I recently received a copy of Gregory Stephenson’s new book, And The Rivers Thereof: Reflections on Riverine Imagery in the Writing of Jack Kerouac. It is a slim edition by Felix Culpa Press in the UK.
Stephenson begins by telling us that “throughout much of Kerouac’s prose – from his first published novels to his final printed words – images of rivers make their appearance, multivariant in their resonances, manifold in their layers of meaning.”  In fact, he explains that these go beyond his first published novels to Mike Explores the Merrimack, a novel Kerouac wrote at just eleven years old.
Kerouac’s first published novel was The Town and the City, and this begins with a depiction of the Merrimack – the river that runs through Kerouac’s hometown of Lowell, called Galloway in this book. “[T]he sights and sounds of the Merrimack river form a fixed and steady backdrop to the thoughts and fates of the story’s principal characters,” Stephenson explains. 
His next book, On the Road, was in Kerouac’s own words intended to be “a study of rain and rivers.”  A notebook he used at the time of writing was called “Rain and Rivers” and filled with notes on the various rivers Kerouac encountered whilst travelling. “Certain of the descriptions,” Stephenson says, “were later used – in altered form – in his published writings.” 
It is Stephenson’s contention that rivers were thus of more importance than one might expect in Kerouac’s most famous book:
The title of the journal, the detailed notes concerning individual rivers – the origin of their names, their headwaters and courses – together with the author’s poetic reflections on them, together suggest that Kerouac intended to employ the image of rivers and the rains that fed them as an underlying, unifying metaphor in the novel he was then writing. 
How did Kerouac’s plan work out? The published version of On the Road, Stephenson says, “is both framed by and permeated with imagery of rivers.”  He goes on to give various examples, including an epiphany that Sal Paradise experiences when crossing the Mississippi:
as the river poured down from mid-America by starlight I knew, I knew like mad that everything I had ever known and would ever know was One. 
Stephenson tells us that “riverine imagery in the novel also serves to suggest the journey of individual life, from birth through growth to death and union with the ocean of consciousness, the One, from which new life proceeds.” 
The book then moves on to discuss other Kerouac works, including Doctor Sax and Maggie Cassidy, where again rivers are of importance. In Sax, it seems the river is a malevolent force until we realise it is merely a force of nature, punishing human arrogance.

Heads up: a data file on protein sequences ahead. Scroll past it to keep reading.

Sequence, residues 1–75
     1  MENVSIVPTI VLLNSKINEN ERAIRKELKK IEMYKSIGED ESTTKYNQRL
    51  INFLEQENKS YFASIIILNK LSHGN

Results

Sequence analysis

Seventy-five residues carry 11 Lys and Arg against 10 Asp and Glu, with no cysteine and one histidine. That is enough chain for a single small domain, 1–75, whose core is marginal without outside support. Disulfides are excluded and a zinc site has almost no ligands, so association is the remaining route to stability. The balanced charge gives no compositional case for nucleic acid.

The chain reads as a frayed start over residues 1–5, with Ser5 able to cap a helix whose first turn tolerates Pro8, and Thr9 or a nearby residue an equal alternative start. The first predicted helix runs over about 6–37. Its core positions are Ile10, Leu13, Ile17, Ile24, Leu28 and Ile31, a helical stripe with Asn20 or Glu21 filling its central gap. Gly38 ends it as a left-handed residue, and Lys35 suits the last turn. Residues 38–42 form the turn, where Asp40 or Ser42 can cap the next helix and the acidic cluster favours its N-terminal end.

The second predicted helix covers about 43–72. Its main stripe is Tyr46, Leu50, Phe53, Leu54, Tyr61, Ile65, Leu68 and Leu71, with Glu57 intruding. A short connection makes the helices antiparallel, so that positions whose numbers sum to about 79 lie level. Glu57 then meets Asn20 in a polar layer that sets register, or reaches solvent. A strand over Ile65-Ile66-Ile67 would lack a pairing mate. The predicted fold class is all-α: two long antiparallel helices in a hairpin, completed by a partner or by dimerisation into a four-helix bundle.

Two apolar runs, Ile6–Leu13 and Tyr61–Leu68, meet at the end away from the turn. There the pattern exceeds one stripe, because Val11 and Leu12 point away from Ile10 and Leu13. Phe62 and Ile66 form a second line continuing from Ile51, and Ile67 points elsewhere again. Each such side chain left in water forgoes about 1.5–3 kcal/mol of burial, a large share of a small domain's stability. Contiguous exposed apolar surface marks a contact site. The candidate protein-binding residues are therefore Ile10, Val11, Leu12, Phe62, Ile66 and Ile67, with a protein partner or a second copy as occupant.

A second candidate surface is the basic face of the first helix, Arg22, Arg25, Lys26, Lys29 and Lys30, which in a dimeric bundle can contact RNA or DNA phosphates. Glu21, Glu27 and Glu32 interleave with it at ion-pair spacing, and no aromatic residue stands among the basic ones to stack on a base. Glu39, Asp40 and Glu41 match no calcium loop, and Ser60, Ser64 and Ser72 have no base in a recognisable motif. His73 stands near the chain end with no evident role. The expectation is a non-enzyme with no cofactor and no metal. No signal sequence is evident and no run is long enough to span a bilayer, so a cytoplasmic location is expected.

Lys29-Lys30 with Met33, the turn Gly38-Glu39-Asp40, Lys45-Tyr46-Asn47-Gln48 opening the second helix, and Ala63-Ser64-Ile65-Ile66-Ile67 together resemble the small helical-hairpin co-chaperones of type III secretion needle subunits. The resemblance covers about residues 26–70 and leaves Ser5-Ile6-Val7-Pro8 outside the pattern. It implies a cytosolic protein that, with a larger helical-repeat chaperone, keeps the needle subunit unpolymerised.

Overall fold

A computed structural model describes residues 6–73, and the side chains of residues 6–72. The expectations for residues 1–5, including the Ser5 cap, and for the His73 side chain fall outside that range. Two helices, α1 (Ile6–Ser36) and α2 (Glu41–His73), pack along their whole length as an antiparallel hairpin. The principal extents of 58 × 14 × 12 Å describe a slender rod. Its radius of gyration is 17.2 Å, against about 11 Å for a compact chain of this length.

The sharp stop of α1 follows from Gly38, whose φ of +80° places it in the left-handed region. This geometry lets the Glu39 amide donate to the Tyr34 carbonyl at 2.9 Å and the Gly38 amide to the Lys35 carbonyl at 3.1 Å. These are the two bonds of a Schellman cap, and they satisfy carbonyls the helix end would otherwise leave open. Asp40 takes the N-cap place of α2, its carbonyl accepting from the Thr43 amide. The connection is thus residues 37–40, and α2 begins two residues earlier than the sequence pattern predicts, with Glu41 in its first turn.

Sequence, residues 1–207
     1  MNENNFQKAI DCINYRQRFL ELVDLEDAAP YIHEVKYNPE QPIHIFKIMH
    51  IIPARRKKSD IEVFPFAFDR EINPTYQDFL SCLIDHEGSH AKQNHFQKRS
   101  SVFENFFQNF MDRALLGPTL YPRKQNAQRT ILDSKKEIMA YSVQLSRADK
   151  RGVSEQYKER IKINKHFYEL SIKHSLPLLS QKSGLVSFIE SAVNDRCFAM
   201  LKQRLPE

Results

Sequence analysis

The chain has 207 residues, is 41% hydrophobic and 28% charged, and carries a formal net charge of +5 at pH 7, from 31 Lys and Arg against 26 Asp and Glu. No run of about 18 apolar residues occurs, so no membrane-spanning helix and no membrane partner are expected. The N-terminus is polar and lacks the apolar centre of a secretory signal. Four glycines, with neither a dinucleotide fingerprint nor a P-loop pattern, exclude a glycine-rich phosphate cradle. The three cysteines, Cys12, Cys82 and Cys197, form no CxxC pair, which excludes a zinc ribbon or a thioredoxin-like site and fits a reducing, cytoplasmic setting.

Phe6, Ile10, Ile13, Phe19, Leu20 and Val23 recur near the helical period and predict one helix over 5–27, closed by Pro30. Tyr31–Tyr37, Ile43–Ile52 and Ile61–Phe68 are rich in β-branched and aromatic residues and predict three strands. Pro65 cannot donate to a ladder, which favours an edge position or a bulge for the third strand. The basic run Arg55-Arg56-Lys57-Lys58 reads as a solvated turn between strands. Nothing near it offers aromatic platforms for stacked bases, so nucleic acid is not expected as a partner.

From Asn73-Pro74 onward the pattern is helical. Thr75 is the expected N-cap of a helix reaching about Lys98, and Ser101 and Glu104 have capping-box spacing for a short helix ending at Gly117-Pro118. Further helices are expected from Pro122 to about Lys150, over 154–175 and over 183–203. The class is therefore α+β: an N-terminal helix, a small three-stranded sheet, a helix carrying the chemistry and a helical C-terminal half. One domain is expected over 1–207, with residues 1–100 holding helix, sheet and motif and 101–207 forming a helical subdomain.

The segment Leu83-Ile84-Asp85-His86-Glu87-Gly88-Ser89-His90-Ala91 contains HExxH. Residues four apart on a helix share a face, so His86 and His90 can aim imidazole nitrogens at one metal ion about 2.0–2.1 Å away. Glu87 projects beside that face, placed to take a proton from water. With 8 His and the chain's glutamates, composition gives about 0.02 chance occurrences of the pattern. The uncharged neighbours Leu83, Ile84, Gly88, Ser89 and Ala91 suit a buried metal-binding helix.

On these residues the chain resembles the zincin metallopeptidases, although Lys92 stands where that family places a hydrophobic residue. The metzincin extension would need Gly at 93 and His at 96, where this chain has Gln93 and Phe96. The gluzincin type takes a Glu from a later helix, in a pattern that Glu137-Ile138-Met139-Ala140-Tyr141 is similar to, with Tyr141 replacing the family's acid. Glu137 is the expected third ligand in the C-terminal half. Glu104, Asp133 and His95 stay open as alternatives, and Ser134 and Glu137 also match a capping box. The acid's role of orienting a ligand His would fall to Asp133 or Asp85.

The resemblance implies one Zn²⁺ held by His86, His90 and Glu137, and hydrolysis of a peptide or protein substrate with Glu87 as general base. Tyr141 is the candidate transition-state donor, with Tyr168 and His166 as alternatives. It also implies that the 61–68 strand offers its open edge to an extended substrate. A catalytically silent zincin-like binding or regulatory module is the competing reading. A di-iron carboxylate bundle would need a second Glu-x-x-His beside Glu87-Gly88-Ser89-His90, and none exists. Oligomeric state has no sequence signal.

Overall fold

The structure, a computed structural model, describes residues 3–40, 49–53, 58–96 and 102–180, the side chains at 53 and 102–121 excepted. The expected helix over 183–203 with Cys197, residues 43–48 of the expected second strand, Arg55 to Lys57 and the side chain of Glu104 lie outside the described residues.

The ravages wrought by the flood upon the city of Lowell might not – in a karmic sense – have been entirely unearned, for the narrator notes with disgust the continual defilement of the Merrimac (sic) River with industrial dyes and human sewage. 
The depiction of the Merrimack in Sax, Stephenson says, “restates and extends the poetic suggestiveness of the riverine imagery deployed in the opening paragraphs of The Town and the City.” 
We are then told about the Skagit River, which appears in The Dharma Bums and Desolation Angels. In the latter, Kerouac (or rather his narrator) calls the Skagit “my pure little favorite river of the Northwest.” 
Regarding Big Sur, Stephenson moves from rivers to creeks and notes:
In the course of the account of his sojourn at Big Sur, Duluoz’s relation to the creek serves as a kind of seismograph of the state of his psyche. 
There is more. Stephenson takes us through several short stories and even Kerouac’s last piece of published writing, “What Am I Thinking About?” In this final piece, Kerouac mused on the Mekong, which wound its way through a warzone as he wrote.
One of the more interesting sections of this little book is the final few pages, where Stephenson notes the connections between rivers and Kerouac’s spontaneous prose method. Although he prefaces this by saying “I would not wish to draw too close a correspondence,” he makes an interesting case for a riverine influence not only on the themes in Kerouac’s book but their method of composition.  He cites various examples of Kerouac using riverine language to describe his spontaneous prose style, too.
Altogether, this was a great read. Stephenson is known for his excellent research and interesting insights on all matters Beat, but he is also a wonderful writer and there are many sections in this book that demonstrate that skill. It is an engaging but succinct study that opens a new avenue of discussion into Kerouac’s work.
And The Rivers Thereof: Reflections on Riverine Imagery in the Writing of Jack Kerouac
Felix Culpa Press